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Take advantage of the post-holiday sales by purchasing a grapevine wreath to create a beautiful, decorative bird bath. In addition to the wreath, you will need a roll of twine, a terra cotta saucer, sized so that it sits securely in the wreath, and any decorations that you would like to incorporate such as decorative moss, artificial plants, or silk flowers. To begin, cut 3 lengths of twine of even lengths. Tie each of them to the wreath, evenly spaced, then bring the other ends together and tie an overhand knot to bring them all together. This will be how you hang your bird bath.

Using an industrial-strength adhesive or a glue gun, glue the terra cotta saucer onto the top of the wreath so that it’s resting in the center as if the wreath is a nest forming around it. You can then decorate your new nest by adding flowers or greenery around the outside of the saucer but be sure to leave space for your birds to perch on the edge of the saucer. When the glue or adhesive has had the opportunity to dry fully, you’re ready to add water and hang your bird bath outside. If you love the aesthetic, consider making a matching bird feeder!

Build a Birdbath with Just a Planter Tray and a Tomato Cage

Tomato Cage Abstract
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If you’re looking for a quick, simple DIY bird bath, here’s an option to consider. All you need to put this together is a wire tomato cage and a terra cotta saucer, sized to rest on top of the cage. Place your tomato cage in your garden or a corner of your yard, careful to push the stakes down as far as possible into the ground to make sure that it’s secure and not going to tip over with the movement of your neighborhood birds. If you want to camouflage the cage, consider weaving vines in and around the wires. For the basin, your terra cotta saucer (if sized properly) will sit right on top of the cage with the center of the saucer dipping down into the cage to keep it from falling off while the lip of the saucer sits on top of the cage to keep it from falling through. You can add additional decorative notes by painting the saucer, adding a CD mosaic (see above), or incorporating rocks and aquarium stones.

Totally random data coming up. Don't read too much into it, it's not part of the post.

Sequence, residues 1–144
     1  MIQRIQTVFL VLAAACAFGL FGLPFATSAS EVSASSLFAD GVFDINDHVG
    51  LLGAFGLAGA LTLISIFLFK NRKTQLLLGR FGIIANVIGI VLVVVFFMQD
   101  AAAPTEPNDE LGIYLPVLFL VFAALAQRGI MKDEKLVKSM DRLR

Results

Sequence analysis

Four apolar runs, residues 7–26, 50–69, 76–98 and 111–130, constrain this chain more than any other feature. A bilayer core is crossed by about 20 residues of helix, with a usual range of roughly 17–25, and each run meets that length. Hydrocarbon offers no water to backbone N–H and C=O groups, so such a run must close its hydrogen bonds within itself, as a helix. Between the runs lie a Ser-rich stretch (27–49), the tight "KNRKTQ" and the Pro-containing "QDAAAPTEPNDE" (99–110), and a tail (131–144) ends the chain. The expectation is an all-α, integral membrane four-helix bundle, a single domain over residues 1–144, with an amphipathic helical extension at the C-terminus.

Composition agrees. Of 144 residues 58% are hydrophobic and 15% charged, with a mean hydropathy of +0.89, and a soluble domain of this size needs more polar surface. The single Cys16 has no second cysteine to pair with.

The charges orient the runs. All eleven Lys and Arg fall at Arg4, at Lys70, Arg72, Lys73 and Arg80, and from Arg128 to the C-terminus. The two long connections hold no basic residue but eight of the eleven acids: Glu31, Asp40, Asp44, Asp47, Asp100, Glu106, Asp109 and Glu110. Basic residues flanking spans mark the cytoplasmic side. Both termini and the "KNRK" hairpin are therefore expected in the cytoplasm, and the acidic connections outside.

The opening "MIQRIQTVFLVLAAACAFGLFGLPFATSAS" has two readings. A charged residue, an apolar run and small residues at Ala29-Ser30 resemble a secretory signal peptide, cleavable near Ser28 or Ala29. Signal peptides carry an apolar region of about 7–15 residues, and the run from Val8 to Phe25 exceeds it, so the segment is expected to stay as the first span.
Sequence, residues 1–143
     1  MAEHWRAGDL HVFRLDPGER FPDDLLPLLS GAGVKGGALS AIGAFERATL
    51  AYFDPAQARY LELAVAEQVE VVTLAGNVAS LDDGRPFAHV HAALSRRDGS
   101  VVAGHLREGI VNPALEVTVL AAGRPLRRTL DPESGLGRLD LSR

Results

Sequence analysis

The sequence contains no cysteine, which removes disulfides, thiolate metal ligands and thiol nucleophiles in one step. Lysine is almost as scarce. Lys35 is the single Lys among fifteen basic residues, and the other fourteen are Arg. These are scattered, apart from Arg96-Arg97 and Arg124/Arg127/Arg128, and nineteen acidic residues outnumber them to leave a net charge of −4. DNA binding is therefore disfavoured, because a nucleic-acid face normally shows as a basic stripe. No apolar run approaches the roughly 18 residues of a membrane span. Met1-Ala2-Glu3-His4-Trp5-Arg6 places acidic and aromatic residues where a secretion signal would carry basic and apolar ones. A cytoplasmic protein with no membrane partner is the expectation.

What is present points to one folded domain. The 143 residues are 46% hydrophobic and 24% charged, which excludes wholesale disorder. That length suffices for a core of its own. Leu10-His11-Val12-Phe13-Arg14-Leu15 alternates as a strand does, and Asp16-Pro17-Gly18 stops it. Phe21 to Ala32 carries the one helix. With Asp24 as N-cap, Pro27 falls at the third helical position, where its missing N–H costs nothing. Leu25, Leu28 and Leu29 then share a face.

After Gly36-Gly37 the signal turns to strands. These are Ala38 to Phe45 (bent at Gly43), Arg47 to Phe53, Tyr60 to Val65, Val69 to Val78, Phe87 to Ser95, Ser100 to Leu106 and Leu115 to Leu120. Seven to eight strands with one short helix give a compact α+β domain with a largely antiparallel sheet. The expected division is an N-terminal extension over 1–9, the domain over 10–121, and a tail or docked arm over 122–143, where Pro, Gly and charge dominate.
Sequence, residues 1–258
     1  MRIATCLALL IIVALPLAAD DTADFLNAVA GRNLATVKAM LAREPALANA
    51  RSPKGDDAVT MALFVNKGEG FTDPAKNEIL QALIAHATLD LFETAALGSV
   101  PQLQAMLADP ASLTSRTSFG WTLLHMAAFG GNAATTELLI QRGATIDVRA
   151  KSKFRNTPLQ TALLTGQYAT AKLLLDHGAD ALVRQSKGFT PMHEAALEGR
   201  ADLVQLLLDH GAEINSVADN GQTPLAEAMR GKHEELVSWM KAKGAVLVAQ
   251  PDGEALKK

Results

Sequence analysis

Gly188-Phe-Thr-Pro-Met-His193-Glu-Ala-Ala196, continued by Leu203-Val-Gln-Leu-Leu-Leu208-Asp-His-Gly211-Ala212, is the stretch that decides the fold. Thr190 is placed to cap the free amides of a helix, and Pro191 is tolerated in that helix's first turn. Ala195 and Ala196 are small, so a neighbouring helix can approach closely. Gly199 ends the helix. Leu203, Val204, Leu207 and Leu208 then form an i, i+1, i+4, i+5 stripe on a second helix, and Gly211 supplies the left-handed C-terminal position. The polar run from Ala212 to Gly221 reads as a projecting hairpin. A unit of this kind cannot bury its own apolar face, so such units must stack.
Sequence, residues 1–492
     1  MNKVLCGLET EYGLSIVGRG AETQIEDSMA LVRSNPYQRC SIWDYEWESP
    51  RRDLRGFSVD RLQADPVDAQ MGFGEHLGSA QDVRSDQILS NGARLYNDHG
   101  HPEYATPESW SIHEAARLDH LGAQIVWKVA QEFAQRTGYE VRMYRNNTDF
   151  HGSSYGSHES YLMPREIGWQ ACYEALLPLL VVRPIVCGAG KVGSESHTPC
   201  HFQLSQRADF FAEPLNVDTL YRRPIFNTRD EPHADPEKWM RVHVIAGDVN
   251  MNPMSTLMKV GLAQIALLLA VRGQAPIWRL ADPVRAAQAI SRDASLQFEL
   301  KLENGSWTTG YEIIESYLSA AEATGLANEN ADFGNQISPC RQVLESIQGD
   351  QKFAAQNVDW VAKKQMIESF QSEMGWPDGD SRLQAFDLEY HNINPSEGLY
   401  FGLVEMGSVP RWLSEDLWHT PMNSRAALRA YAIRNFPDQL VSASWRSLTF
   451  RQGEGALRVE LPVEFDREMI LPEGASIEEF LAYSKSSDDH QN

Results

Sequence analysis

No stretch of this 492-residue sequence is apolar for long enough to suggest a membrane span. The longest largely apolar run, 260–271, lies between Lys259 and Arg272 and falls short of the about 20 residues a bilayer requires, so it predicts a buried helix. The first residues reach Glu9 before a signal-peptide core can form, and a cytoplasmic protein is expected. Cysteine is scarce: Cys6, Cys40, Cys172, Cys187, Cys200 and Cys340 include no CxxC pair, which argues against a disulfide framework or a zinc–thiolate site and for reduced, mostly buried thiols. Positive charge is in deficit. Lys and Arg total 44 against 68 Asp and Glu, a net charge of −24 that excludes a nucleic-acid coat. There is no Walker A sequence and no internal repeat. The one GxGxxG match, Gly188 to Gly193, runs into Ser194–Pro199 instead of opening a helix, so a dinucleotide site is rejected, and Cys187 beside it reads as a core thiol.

Unique Concrete Leaf Birdbath

Concrete leaf, some Hostas, pebbles and a patio
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On the other end of the spectrum, this is one of the more complicated bird baths on our list. You will need a large leaf (such as a rhubarb leaf or a large hosta leaf), a pile of sand, plastic wrap, 3 cups of contractor’s sand, 1 cup of Portland cement, 1/4 cup of concrete fortifier, and a large piece of utility plastic or a tarp to protect your working space.

Spread out your sheet of plastic or tarp to protect the area where you are working. Place the pile of sand directly in the center, wet it down slightly, and create a packed pile as you would while creating a sandcastle or sculpture. Ideally, you want it to be approximately the size of your leaf as this will be used to hold your leaf in the right shape. Aim to structure it to hold the leaf open wider, creating a shallow bath basin. Cover your pile of sand with plastic wrap before laying the leaf on top, vein-side up, in the center of the pile.

In a large plastic bowl or pail, mix your contractor’s sand and Portland cement. Using a separate bowl, combine the concrete fortifier with 1/4 cup of water. Slowly add this mixture to your first pail of sand/cement, mixing it as you go until it reaches a thick batter consistency. When you’re happy with the mixture, take a handful at a time (wearing rubber gloves to protect your hands) and place it on the center of the leaf. Carefully spread it out, reaching out to all edges. This initial layer will give you a working surface while picking up the unique veining of your leaf.

You can now start to build up your bird bath by slowly adding the mixture on top of your base layer. Ideally, you want to create a basin that will be approximately 1 inch thick for strength and durability. Smooth out the edges to create a smooth finished product. Build the center of the bowl up slightly and flatten out the top of it to act as a pedestal. Cover your creation with plastic and leave it to dry for approximately 24-48 hours. Check on it occasionally and mist it slightly if needed to keep it from drying too quickly and cracking.

Carefully remove the leaf from the casting that you have now created. It will leave the imprint of the veins behind, adding character to your bird bath. After the leaf has come off, your basin will need to sit for another week to fully dry and cure. At that point, you can either paint or simply seal the basin with a clear coat before filling it with water and putting it out for your local birds to enjoy.

Assemble a Hanging Bird Feeder and Birdbath

Silver Birdbath And Bird Feeder
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Assemble a simple hanging bird bath and bird feeder using plastic bowls and drinking straws. You will need 3 bowls or plastic containers, 6 standard plastic drinking straws, and 4 lengths of twine or string. Cut 2 of the 6 straws in half before setting them all aside. Carefully create 4 holes in the rim of each bowl, evenly spaced around the exterior. Tie a large knot at the base of each of your lengths of twine, ensuring that it’s big enough to keep the twine from pulling right through the holes that you have created.